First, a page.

Thallus whitish, grey, cream to ochraceous, usually thick and warted, rarely smooth, continuous and well developed, not delimited by a blackish prothallus.
Apothecia (0·5–)0·7–1(–1·3) mm diam., abundant and confluent, subimmersed to adnate, rarely becoming sessile. Disc initially plane to convex, epruinose. Proper margin initially thick, rapidly becoming thinner and finally excluded. Excipulum well developed, 70–100 µm wide, K+yellow (microscope slide). Hymenium without oil droplets, 100–130 µm high. Hypothecium with oil droplets. Apical cells of the paraphyses strongly swollen, 4–6(–7) µm wide, brown pigmented. Ascospores (19–)21–25(–29) X (8–)9–11(–12) µm, resembling the Callispora-type when young, Buellia-type when mature, apices pointed, often curved, roughly ornamented. Spermatia not seen.
Chemistry. Thallus UV+orange, K+yellowish, KC+orange; thallus section C+orange. Atranorin (traces), 6-O-methylarthothelin (major),+/- arthothelin (traces) and +/-gyrophoric acid (traces), by TLC and HPLC. The clarity of the spot tests are dependent upon the concentration of 6-O-methylarthothelin (similar variation was also observed with B. chloroleuca). This is the first report of 6-O-methylarthothelin, arthothelin and gyrophoric acid in B. insignis. The chemistry of B. insignis is close to that of several species of Pertusaria, subgenus Pionospora, for example, P. bryontha and P. dispar (Archer 1993), which also contain a combination of a chlorinated xanthone and an orcinol tridepside (6-O-methylarthothelin and gyrophoric acid, respectively) as major compounds.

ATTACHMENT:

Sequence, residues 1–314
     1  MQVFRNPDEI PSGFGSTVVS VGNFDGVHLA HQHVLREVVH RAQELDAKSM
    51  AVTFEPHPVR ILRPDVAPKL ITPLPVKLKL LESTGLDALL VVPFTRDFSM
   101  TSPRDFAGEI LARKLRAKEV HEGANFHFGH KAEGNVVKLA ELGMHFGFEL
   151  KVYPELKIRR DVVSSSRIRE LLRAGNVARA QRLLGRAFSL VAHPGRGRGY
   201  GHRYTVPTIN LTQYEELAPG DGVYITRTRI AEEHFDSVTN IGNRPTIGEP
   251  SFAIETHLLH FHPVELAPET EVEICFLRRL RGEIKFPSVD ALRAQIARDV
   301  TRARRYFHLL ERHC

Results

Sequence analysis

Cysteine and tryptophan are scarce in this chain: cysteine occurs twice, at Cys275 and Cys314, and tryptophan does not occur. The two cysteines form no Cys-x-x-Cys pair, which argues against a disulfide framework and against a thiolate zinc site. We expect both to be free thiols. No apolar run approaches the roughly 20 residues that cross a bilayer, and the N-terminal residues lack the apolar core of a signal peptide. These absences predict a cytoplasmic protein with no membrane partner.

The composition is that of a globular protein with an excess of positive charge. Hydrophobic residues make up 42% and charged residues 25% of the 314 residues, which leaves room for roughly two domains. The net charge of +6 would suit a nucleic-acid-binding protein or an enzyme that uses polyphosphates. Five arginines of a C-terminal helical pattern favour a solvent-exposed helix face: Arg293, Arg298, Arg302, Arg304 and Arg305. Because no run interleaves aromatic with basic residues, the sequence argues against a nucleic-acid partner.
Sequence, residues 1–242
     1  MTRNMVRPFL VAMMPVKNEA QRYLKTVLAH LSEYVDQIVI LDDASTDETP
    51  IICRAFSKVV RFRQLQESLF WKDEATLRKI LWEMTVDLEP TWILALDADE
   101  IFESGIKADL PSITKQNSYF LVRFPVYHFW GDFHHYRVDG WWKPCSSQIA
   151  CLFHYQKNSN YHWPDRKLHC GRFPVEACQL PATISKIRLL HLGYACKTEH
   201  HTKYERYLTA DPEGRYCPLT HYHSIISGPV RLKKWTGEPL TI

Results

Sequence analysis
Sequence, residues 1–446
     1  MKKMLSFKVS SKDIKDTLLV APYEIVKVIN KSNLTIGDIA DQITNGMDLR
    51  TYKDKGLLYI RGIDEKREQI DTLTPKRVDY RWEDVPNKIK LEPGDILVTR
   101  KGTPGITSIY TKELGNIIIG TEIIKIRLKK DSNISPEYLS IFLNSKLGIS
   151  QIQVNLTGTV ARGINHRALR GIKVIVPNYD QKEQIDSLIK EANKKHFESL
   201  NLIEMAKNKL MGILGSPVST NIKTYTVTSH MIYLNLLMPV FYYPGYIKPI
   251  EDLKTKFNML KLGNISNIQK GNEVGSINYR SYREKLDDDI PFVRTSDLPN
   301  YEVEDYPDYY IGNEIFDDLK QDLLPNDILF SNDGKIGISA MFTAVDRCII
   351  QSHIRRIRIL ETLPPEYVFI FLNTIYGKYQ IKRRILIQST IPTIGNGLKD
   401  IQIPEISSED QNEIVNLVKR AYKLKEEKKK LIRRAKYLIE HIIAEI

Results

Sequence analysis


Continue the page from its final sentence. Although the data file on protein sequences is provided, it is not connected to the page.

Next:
Discussion. Buellia insignis is well characterized by its chemistry, the lack of hymenial oil droplets and the large Buellia-type ascospores, which show Callispora-type tendencies when young.
The description given in Sheard (1964) and Orange et al. (1992) is, at least in part, based on one specimen that, in our opinion, does not correspond to B.insignis. This specimen (VÄ•zda: Lich. sel. exs. 621, BM) is readily distinguished from B. insignis by possessing a thallus composed of subhemisphaerical areolae, smaller apothecia with pruinose discs and hymenial oil droplets. Imshaug (1951) considered that B. papillata (Sommerf.) Tuck. was the correct name for B. insignis but according to Sheard (1964), Schauer(1965), Wirth (1988) and Galloway et. al. (1998), these taxa are not conspecific. This problem can be solved only by studying the type specimen of B. papillata.
Ecology and distribution. Buellia insignis is an arctic-alpine species that occurs on mosses, plant debris and more rarely on coniferous bark. It has not been reported from the Iberian Peninsula. For its European distribution see Orangeet al. (1992) and Nimis (1993).